Subject: I have found a DVD that I think you would enjoy
|The Life and Times of Allen Ginsberg |
Deluxe Two-Disc Set
Actors: Joan Baez, William F. Buckley, William S. Burroughs, Allen Ginsberg, Abbie Hoffman
Director: Jerry Aronson
Genres: Educational, Musicals & Performing Arts, Documentary
The re-release of Jerry Aronson's biopic, The Life and Times of Allen Ginsberg, timed to celebrate the fiftieth anniversary of "Howl," suits this wonderful documentary and proves Ginsberg central to all radical artistic an... more »
Similarly Requested DVDs
NEW YORK TIMES
JAV | Denver, CO | 05/19/2007
(5 out of 5 stars)
"The film at 85 minutes is amazing. The extras at over 6.5 hours are incredible. This DVD set is a source of all things Beat that I will be looking back at for years. It is beautifully arranged so that you can watch many extras on the same disc as the feature and also watch 35 interviews on Disc 2 including so many friends of Allen who also happened and happen to be cultural phenomenon's in their own right including Baez, Beck, Bono, Brakhage, Burroughs, Depp, Glass, Hoffman, Kesey, Leary, McCartney, Sonic Youth, Ono, Patti Smith, Hunter S. Thompson, Andy Warhol and so many more!
Also, Allen reads poetry to the camera for over 30 minutes, talks with Neal Cassidy in the basement of City Light in 1965 for almost 20 minutes, and reminisces with William Burroughs in 1984 at Naropa in Boulder, CO.
I can go on and on but this heartfelt collection made me want to read more of Ginsberg's poetry and remember a man who was truly a pacifist and helped make the world a better and more peaceful place. How we need that today!!!!!Here is a recent New York Times review on the DVD:
"The New York Times"
Jerry Aronson has augmented his crisp, straightforward 1993 documentary portrait of the poet Allen Ginsberg with six hours of extra material for this double-disc release, which now makes it a scholarly resource as well as a remarkably clearheaded study of a singularly complex individual.
Mr. Aronson's film follows Ginsberg from his middle-class upbringing in New Jersey through the media explosion that was the Beat movement, his role in the flowering youth movement of the 1960s and his last years as a devoted Buddhist and political activist. Those interviewed range from close friends and family members to artists whose relationship to Ginsberg was more remote (Beck, Bono and Johnny Depp, while the footage Mr. Aronson has gathered includes lengthy excerpts from Ginsberg's 1998 memorial tribute at the Cathedral Church of St. John the Divine, Ginsberg and Bob Dylan visiting Jack Kerouac's grave, a 1965 reading with Neal Cassady at the City Lights bookstore in San Francisco and sequences from Jonas Mekas's touching record of Ginsberg's wake, "Scenes From Allen's Last Three Days on Earth as a Spirit."
Kaddish & cosmos
Kerry Walters | Lewisburg, PA USA | 07/12/2008
(4 out of 5 stars)
"There are two features of Ginsberg's personality that come through over and over in this intriguing documentary: he was a deeply wounded man, and he was a deeply lovable one. The two were obviously connected: Ginsberg's wounds made him both vulnerable and compassionate. They could also make him rage against a world that condoned war and injustice, and all of these sides of him come through in his poetry.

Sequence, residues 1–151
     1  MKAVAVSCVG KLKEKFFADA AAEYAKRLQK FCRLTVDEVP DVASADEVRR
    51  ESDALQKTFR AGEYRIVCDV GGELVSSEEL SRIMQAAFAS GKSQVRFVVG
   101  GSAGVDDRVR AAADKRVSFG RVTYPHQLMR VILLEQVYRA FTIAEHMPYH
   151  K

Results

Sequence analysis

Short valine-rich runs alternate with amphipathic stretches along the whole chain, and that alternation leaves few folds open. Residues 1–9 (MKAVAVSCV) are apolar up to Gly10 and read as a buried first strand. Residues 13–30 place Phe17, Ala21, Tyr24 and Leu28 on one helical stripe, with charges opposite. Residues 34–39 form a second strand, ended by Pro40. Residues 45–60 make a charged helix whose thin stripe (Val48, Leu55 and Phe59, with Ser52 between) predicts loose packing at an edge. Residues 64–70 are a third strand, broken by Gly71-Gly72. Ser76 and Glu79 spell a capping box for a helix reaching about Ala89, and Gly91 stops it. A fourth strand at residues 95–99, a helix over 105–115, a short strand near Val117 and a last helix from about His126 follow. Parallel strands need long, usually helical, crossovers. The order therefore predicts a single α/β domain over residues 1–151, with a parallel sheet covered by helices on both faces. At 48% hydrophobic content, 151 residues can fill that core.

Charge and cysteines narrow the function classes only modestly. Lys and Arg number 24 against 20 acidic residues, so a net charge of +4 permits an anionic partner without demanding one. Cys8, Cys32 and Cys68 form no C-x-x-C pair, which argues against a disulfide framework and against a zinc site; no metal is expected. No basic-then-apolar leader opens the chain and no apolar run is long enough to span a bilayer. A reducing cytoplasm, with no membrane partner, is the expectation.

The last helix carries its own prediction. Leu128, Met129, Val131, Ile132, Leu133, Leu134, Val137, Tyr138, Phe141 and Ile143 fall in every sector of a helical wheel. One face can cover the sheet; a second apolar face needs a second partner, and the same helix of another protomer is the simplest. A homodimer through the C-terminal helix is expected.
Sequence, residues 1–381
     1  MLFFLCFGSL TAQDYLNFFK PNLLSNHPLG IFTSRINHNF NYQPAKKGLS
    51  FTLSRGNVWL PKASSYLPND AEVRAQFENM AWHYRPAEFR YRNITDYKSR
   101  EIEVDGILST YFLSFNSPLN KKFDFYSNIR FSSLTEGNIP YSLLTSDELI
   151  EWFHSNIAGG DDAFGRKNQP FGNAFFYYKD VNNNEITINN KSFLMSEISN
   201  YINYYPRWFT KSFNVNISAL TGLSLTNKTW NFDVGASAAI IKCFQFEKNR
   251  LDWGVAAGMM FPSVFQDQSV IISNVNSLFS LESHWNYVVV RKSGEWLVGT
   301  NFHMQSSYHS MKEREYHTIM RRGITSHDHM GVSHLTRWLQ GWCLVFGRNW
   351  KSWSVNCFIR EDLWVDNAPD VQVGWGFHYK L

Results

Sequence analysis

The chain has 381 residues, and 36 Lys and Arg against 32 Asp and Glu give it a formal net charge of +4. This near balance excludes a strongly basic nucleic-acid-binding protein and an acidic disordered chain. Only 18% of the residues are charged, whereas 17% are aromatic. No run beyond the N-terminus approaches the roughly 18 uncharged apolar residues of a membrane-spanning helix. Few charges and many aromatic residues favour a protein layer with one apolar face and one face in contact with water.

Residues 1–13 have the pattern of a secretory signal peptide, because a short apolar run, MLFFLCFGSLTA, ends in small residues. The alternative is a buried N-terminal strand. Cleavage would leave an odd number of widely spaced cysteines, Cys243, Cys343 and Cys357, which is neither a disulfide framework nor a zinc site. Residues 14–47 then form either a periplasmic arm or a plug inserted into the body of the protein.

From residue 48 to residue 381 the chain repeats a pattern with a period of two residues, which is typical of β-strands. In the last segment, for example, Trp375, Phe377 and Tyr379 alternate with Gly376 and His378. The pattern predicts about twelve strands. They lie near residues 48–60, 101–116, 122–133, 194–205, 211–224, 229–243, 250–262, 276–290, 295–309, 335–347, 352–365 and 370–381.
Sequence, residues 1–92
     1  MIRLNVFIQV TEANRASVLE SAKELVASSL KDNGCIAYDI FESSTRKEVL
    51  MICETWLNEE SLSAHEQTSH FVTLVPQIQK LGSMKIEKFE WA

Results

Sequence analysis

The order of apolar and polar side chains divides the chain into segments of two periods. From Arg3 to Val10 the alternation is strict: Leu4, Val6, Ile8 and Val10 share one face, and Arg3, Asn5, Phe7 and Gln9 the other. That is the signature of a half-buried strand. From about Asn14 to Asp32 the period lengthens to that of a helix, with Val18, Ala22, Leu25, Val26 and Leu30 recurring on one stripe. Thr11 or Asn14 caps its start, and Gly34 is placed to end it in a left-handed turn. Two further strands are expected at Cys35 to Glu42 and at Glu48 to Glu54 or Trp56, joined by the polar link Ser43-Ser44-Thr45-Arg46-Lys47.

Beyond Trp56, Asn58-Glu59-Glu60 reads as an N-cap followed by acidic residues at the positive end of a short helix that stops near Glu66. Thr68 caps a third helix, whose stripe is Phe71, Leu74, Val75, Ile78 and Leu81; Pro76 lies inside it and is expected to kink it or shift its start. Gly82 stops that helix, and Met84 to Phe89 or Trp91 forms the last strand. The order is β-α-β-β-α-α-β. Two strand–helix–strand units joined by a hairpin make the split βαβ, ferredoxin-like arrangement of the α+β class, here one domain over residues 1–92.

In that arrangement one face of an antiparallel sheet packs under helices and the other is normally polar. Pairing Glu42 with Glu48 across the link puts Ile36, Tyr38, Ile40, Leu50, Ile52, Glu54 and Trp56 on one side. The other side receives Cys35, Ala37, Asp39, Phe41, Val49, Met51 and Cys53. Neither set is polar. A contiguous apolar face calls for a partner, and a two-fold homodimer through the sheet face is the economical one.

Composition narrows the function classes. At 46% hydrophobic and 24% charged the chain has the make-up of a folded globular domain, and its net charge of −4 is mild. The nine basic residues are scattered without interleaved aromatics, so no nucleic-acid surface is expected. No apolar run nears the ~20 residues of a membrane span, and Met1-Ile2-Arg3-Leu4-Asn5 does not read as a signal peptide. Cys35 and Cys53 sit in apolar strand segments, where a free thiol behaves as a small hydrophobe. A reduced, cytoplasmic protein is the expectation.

Ginsberg's ur-wound was the tragedy of his mother, a remarkable woman who sadly suffered from paranoid schizophrenia, was in and out of institutions during Ginsberg's youth, and finally died in one. As a boy, Ginsberg was frequently charged with her care. As his stepmother says in the film, he was exposed to way too much for a young boy to take in. His feelings of helplessness, frustration, impatience, love, guilt, and fear in the face of his mom's illness and increasingly bizarre behavior marked him for life. Thankfully, his relationship with his father Louis, a lyric poet, was one of tenderness, mutual respect, and deep love.
Ginsberg's unhappy relationship with his mother, as well as his genesis from beat poet to cosmic poet to Buddhist poet to grand old man of American poetry is tracked in the film. Especially welcome are the long and marvelous clips of Ginsberg reading his poetry: long sections of "Howl," all of "Kaddish," and others, sometimes put in music. There's also a clip from Ginsberg's appearance on Buckley's "Firing Line," in which the two men stood one another down. Lots of vintage still photography and cinema featuring the beat poets round out the documentary.
The one thing missing in the film was more than a brief mention of Ginsberg's lifelong relationship with Peter Orlovsky. Ginsberg does say at one point, quite touchingly, that he and Peter made life vows to one another, and a rather vague reference to Orlovsky's later mental and alcohol troubles is made. But the relationship is for the most part passed over in silence.
A good film, both for fans of Ginsberg's poetry and those who know it only by hearsay. A fitting Kaddish for a man who's heart and imagination stretched cosmically."
From "Howl" To OM
Alfred Johnson | boston, ma | 09/13/2009
(4 out of 5 stars)
"Recently I have been in a "beat" generation literary frame of mind. It all started last summer when I happened to be in Lowell, Massachusetts on some personal business. Although I have more than a few old time connections with that now worn out mill town I had not been there for some time. While walking in the downtown area I found myself crossing a small park adjacent to the site of a well-known mill museum and restored textile factory space. Needless to say, at least for any reader with a sense of literary history, at that park I found some very interesting memorial stones inscribed with excerpts from a number of his better known works dedicated to Lowell's "bad boy", the "king of the 1950s beat writers, Jack Kerouac. And, just as naturally, when one thinks of Kerouac then Allen Ginsberg, William Burroughs, Gregory Corso, Neal Cassidy and a whole ragtag assortment of poets, hangers-on, groupies and genuine madmen and madwomen come to mind. So that is why we are under the sign of one Allen Ginsberg.